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Russian theater director sentenced to probation in controversial embezzlement case

Source: Meduza

On Friday, June 26, a Moscow court announced verdicts in the controversial “Seventh Studio” case involving the alleged embezzlement of almost 129 million rubles (about $1.9 million) allocated to the Culture Ministry’s “Platforma” project (a state-led contemporary art incubator). All four defendants — director Kirill Serebrennikov, former Culture Ministry official Sofia Apfelbaum, former “Seventh Studio” general producer Alexey Malobrodsky, and the studio’s former CEO, Yuri Itin — maintain their innocence.

Moscow’s Meshchansky District Court convicted all four individuals, sentencing Serebrennikov, Malobrodsky and Itin to probation, along with the additional penalty of fines and being banned from occupying positions in state institutions.

The court sentenced Serebrennikov to three years probation, along with an 800,000 ruble fine ($11,500).

Update: Kirill Serebrennikov’s defense plans to appeal the sentence, his lawyer Dmitry Kharitonov told RBC. Kommersant later reported that the ban on holding positions in state cultural institutions only applies to Alexey Malobrodsky and Yuri Itin, and not Serebrennikov.

Itin was sentenced to three years probation and a 200,000 ruble fine ($2,875), while Malobrodsky was sentenced to two years probation and a 300,000 ruble fine ($4,313).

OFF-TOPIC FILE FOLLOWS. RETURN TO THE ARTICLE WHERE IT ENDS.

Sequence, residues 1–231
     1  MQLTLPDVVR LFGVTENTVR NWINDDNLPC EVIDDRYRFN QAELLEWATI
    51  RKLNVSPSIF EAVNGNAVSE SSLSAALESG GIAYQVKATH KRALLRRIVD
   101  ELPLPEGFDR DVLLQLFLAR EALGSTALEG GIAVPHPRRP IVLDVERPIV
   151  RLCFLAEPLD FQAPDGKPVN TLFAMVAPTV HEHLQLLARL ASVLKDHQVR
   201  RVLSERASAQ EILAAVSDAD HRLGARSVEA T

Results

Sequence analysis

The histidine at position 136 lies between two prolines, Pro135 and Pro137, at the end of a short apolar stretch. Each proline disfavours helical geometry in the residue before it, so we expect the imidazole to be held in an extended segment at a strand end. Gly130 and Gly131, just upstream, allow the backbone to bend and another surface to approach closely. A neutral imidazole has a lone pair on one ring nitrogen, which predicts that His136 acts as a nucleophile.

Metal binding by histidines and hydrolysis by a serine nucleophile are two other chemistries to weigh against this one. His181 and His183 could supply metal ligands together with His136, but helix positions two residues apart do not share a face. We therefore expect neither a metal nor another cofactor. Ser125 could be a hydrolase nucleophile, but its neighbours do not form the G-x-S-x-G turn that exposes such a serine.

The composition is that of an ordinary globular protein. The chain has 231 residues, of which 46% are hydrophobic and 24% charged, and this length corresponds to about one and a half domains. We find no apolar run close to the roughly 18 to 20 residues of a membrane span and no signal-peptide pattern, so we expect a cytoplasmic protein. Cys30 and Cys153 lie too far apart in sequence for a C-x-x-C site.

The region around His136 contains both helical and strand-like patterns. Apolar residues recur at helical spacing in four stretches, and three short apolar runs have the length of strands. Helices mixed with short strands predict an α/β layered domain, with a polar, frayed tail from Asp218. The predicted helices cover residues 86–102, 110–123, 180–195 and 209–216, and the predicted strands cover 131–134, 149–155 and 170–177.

Apfelbaum was found guilty of negligence, rather than fraud, but her imposed fine was cancelled due to the statute of limitations.

Shortly before sentences were read aloud, Culture Minister Olga Lyubimova released a statement accusing Serebrennikov of “causing major harm to the state.” Four days earlier, more than 3,700 cultural figures addressed an open letter to Lyubimova, citing supposedly exonerating case evidence and urging her to withdraw the Culture Ministry’s criminal charges against Serebrennikov and the other “Platforma” suspects.

Ahead of the verdict, Alexander Avdeyev (who oversaw the Culture Ministry during Dmitry Medvedev’s presidency and greenlit Serebrennikov’s arts festival in 2011) urged Lyubimova to rescind the ministry’s charges and warned that an unjust ruling will “cast a shadow” over the rule of law in Russia and be a “shock” to the country’s civil society.

As is customary in Russian sentencing hearings, the Meshchansky District Court judge spent several hours reading her ruling aloud. Throughout that time, hundreds of supporters of the Seventh Studio defendants assembled outside the courthouse, despite punishing heat and humidity. 

First launched in 2017, the case against Kirill Serebrennikov and his alleged co-conspirators has major cultural significance in Russia, where the film and stage director once enjoyed the state’s financial support and political favor. In a country without significant private funding for the arts, Serebrennikov’s past collaboration with the authorities and subsequent prosecution have occasioned much soul searching inside Russia’s theater avant-garde.

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